We mixed our own concrete, which helped to keep costs below the cost of a block wall, not counting labor. I feel I should mention that the stonework is, in the opinion of many, the most attractive walls they have ever seen.  Another benefit is that unlike the typical stick-framed wall, once you pull the forms and mortar, you're done: no sheet rocking, painting, etc. Plus, there's no maintenance ever. Thick stone walls do not transmit sound very well, either, making for a quiet, attractive, evenly heated interior space.  The walls can be insulated on the outside by applying sheet insulation and stucco.
Slipforming is an old method, but it is also still used in modern commercial buildings as well. Basically it means using reusable forms, I built mine all 18" high, and either 4', 6' or 8' long, they were 2x4 frames with plywood or boards on one side.  The frames are drilled on the center of the 2x4 every 2', so they can be bolted together.  The process of using them we called "Space, Lace and Brace".

Space: We started on a poured concrete footer, and placed two 8' forms 12" apart, facing each other, this is for a 12" thick wall. We then took 12" sticks and placed them in a few spots between the two form faces, to keep them 12 " apart.  

Lace: We then wired thru the forms, tightening the wires by twisting nails into the wire, to tension the forms against the sticks.

Brace: Then we braced the forms by temporarily nailing a 2x4 to the top edge of each form and the other end to a stake in the ground to keep the form plumb.

We had collected a large pile of stone, any stone with a flat face on at least one side can be used, I just placed one stone at a time against the inside face of the inner form, and then placed concrete behind them, filling in the concrete with what we called "uglies", or stones without a flat face, to use less concrete. Bolt more forms end to end, and go along the wall, building up to the top of the 18" form. We would do about 30-40' a day, mixing concrete in an old gas mixer. After the bottom layer is set up, bolt another layer of forms above them repeat the process, and then when the second layer is set up, you can remove the bottom layer of forms, and use them for the third and successive layers, "leapfrogging" the forms up and along the walls. This process is described in the Nearing's books, which is where I got the idea from, except we put the stone face on the interior, and insulated the exterior for thermal mass. BTW, excellent concrete can be made with less Portland cement by using crushed limestone base mix, it's what the state uses for the base of roadways. 7 parts base mix to one part Portland.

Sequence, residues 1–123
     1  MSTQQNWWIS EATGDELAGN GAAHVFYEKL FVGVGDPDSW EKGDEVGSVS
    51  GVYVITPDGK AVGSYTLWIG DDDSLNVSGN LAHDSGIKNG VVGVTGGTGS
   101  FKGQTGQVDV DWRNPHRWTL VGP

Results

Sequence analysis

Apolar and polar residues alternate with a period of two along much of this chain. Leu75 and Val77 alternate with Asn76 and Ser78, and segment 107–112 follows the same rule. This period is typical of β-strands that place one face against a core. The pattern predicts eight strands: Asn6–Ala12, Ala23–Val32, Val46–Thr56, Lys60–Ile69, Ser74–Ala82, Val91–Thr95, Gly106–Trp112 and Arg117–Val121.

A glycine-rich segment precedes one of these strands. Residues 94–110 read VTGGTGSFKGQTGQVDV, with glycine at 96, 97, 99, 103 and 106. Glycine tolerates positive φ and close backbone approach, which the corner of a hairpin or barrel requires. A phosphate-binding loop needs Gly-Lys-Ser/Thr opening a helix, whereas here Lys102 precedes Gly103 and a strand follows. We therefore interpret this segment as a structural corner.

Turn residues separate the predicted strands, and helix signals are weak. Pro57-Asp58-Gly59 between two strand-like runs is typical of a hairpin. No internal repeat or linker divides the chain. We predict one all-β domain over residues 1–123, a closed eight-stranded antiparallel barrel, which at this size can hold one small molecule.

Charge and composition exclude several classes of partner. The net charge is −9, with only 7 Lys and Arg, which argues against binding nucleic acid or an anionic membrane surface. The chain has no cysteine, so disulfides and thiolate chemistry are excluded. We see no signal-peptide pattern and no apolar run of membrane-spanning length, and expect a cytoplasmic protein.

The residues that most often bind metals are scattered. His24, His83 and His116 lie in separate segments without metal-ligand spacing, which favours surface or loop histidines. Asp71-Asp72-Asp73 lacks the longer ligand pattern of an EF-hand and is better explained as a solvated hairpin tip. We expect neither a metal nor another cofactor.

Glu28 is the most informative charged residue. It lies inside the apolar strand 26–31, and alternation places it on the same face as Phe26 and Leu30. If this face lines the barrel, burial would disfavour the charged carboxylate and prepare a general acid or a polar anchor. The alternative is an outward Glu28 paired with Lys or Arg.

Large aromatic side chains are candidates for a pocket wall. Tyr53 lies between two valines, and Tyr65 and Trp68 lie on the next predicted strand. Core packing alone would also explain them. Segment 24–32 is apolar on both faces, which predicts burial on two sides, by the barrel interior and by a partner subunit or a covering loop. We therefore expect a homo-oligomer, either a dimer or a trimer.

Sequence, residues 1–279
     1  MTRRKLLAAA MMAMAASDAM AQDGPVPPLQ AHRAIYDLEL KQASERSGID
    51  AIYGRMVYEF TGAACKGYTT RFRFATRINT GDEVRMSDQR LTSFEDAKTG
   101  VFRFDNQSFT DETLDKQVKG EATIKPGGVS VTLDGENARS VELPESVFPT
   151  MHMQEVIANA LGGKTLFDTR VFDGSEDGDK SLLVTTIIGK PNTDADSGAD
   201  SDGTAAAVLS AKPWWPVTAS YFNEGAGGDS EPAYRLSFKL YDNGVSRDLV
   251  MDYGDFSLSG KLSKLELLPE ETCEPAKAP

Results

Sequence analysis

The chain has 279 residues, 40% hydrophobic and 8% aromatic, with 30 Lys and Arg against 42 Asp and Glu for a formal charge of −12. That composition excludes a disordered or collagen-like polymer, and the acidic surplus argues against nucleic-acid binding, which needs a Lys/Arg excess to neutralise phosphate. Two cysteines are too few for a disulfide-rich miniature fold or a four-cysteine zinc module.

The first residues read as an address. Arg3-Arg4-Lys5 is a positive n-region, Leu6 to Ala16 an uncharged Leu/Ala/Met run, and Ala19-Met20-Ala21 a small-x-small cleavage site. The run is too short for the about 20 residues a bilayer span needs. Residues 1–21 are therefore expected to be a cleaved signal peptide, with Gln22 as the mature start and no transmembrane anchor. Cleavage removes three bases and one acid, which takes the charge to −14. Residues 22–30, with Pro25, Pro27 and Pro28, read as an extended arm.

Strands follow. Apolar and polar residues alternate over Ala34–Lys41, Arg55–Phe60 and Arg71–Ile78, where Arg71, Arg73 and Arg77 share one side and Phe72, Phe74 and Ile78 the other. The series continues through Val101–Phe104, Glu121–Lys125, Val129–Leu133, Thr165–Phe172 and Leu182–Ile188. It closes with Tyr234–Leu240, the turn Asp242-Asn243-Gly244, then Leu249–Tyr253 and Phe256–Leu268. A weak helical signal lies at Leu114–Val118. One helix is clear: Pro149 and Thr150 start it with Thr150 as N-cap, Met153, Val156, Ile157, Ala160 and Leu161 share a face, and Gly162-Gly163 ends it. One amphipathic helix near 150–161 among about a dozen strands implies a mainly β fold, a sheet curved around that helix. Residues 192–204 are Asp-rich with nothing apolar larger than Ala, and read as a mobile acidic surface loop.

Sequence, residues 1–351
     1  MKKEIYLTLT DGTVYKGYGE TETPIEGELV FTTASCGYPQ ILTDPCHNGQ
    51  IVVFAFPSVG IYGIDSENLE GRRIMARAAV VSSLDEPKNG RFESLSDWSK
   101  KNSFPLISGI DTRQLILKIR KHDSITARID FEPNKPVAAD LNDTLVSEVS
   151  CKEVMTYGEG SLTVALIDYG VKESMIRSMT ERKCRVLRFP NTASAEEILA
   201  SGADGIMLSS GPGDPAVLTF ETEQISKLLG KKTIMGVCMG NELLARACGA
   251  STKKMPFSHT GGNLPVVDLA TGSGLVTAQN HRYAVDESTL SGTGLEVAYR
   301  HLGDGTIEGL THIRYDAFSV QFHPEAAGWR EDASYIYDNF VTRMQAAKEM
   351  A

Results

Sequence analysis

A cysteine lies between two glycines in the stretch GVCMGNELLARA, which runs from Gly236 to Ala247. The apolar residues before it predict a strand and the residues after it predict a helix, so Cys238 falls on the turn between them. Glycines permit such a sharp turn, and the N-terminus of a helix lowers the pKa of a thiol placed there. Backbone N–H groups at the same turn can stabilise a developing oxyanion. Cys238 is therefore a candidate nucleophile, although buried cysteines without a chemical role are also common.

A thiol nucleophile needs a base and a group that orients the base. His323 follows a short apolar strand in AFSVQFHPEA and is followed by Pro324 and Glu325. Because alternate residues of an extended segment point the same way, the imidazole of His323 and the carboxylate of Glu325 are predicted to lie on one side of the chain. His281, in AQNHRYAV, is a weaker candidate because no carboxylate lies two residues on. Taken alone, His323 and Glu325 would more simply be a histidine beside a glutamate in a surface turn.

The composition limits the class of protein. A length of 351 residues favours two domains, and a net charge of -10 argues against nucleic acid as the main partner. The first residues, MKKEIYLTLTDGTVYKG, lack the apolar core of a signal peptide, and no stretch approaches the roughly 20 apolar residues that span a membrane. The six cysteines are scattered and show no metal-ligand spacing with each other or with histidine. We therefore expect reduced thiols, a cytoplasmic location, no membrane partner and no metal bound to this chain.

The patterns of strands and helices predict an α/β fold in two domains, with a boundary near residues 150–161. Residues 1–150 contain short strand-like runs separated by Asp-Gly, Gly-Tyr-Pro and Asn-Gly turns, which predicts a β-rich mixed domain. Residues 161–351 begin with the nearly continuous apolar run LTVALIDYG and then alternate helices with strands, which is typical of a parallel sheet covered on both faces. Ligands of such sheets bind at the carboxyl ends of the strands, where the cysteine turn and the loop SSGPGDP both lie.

After the walls were built, I troweled on a thin coat of masonry cement to the exterior, called a parge coat, and then painted on a thinned coating of Portland cement to fill pores in the parge coat. After applying waterproofing, I used construction adhesive to adhere two inches of foam board insulation all around the outside walls before backfilling.

For further reading: Build Your Own Stone House by Karl and Sue Swenke and
Our Home Made of Stone by Helen Nearing.
Stone House: A guide to self building with slipforms by Tom Stanley


Pictures at-
1 year ago
Steel quonset structures or ‘culvert homes’ are usually not rated for underground residential use. From what I’ve heard, most quonset hut manufacturers will not sell to anyone who intends to bury the structure. Covering a building with earth adds enormous weight on the structure and manufacturers don’t want any liability issues in case of collapse. This is unfortunate because quonset structures are well suited for underground homes, rootcellars and storm shelters. For one, they’re quick and easy to build. The main step involved is bolting the arched sections together with cordless drills.
If you’re interested in building something like this, I suggest finding the strongest quonset you can find and then consult with an engineer on the loads it can carry. There’s a good chance additional reinforcement will be recommended. Offhand, I can think of four general ways of reinforcing quonset structures for underground use.
2 years ago
Trifoliate orange
The cultivar "Flying Dragon" is dwarfed in size and has highly twisted, contorted stems. It makes an excellent barrier hedge due to its density and strong curved thorns. Such a hedge had been grown for over 50 years at Oklahoma State University in Stillwater, and is highly student-proof.[6] The plant is also highly deer resistant[7]